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Posted: 4/26/2017 3:13:09 AM EST
Most of the Geiger counter manufacturers say to calibrate their instruments annually or semiannually, which at $75+ a pop adds up over the years.

Is it really necessary?

If I periodically perform a test on a known long half-life sample at the same distance (like in some kind of jig), and get the same reading as when I first did it with a calibrated instrument on every scale could I assume it is still working and “calibrated”?

Also it seems unlikely it would lose more than +- 5% accuracy at the most, unless something went bad like capacitors.
That coupled with the Geiger counters already “fuzzy” accuracy of +-20%, I don’t see why it would be necessary.
But maybe the Geiger tube itself changes over time, and gives different readings?

Thanks for any light you can shed on the subject.
Link Posted: 4/26/2017 6:20:37 AM EST
"perform a test on a known long half-life sample at the same distance (like in some kind of jig), and get the same reading as when I first did it with a calibrated instrument on every scale"

and where do you get a source that will cover every scale??

Get an old Coleman lantern mantle or a old piece or orange Fiesta ware. Check your instrument on the scales that those sources will register on and call it a day. Contact readings are ok for this simple check.

If your instrument over time responds about the same with this check there is a very good chance it will work properly on the rest of the scales.

Of course be cautious if the instrument uses two different tubes. If it has two tubes the smaller one is for the higher ranges and you will not be able to easily get any meter response with these small sources.

BTW - I was in instrument calibration for almost 30 years.
Link Posted: 4/26/2017 6:09:40 PM EST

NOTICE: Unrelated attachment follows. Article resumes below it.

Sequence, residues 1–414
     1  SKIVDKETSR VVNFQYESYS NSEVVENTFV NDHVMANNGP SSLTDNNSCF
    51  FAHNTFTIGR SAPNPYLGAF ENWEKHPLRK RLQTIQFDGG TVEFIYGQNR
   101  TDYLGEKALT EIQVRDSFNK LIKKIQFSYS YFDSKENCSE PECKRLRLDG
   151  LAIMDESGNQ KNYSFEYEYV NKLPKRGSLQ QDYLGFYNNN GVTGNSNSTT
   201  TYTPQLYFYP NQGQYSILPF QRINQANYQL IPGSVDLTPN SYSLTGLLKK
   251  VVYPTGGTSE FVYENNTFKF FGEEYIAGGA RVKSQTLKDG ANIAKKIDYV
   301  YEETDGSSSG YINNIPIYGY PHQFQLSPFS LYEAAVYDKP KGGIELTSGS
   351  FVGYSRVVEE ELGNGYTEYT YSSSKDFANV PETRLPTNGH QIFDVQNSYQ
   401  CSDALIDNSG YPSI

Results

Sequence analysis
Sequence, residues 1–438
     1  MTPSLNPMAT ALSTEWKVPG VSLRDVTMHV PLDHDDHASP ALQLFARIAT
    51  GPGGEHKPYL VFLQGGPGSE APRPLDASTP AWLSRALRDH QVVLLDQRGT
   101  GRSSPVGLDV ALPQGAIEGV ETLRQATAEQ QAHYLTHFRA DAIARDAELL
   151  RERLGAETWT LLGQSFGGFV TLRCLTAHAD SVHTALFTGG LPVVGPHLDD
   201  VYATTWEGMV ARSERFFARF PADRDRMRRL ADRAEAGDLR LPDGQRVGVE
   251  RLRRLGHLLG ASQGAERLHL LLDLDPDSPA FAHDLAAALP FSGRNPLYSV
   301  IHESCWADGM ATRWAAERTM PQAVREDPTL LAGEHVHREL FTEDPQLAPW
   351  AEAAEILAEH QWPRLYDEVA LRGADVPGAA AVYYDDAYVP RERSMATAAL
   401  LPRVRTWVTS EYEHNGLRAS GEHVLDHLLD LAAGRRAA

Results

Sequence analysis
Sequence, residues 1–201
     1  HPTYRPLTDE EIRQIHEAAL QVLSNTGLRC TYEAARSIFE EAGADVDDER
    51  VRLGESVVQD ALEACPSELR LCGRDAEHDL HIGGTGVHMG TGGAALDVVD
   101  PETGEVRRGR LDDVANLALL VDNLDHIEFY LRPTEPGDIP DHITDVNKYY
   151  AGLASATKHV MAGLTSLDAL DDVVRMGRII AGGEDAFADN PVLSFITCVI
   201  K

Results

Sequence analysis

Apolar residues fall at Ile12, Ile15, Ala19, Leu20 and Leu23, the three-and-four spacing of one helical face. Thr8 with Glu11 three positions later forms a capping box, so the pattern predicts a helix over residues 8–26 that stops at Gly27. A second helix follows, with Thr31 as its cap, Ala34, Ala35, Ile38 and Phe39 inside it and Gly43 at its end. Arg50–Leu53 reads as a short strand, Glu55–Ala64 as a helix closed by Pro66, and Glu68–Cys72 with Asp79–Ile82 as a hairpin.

A survey meter I used to use had a self check under he cover. You'd rotate it out of shielding and have some small reading.

There are very low emitters available.
Link Posted: 4/26/2017 10:22:05 PM EST
[Last Edit: 4/26/2017 10:24:19 PM EST by Skibane]
Some of the modern microprocessor-based designs are "self-calibrating" to a certain extent - i.e., they have lookup tables stored in their software to correct the readings for aging.

The annual calibration recommendation is primarily targeted at professionals who use their meters all the time. A meter that sits in storage most of the time (which is typical service among preppers) isn't subjected to nearly as much banging around, environmental extremes, etc. - and thus is less likely to drift out of calibration as often.
Link Posted: 6/9/2017 1:02:16 PM EST
Functionality check is more important than calibration. It it's a low range meter, buy a slightly active source as mentioned in one of the posts above. High range is more problematic but there usually is not much to go wrong with it.
I checked my HT meter at work. We have nuclear scales. I could detect it from about 50 ft away with my meter.
Link Posted: 7/5/2017 6:26:51 PM EST
Are "Geiger Counters" available to civilians? If so, where? I haven't seen anything like that since a left the Army a few decades ago.
Link Posted: 7/5/2017 7:31:10 PM EST
[Last Edit: 7/5/2017 7:36:04 PM EST by Skibane]
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Originally Posted By XSabers:
Are "Geiger Counters" available to civilians? If so, where? I haven't seen anything like that since a left the Army a few decades ago.
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Ludlums
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Link Posted: 8/23/2017 7:33:18 AM EST
We calibrate the county meters every two years.
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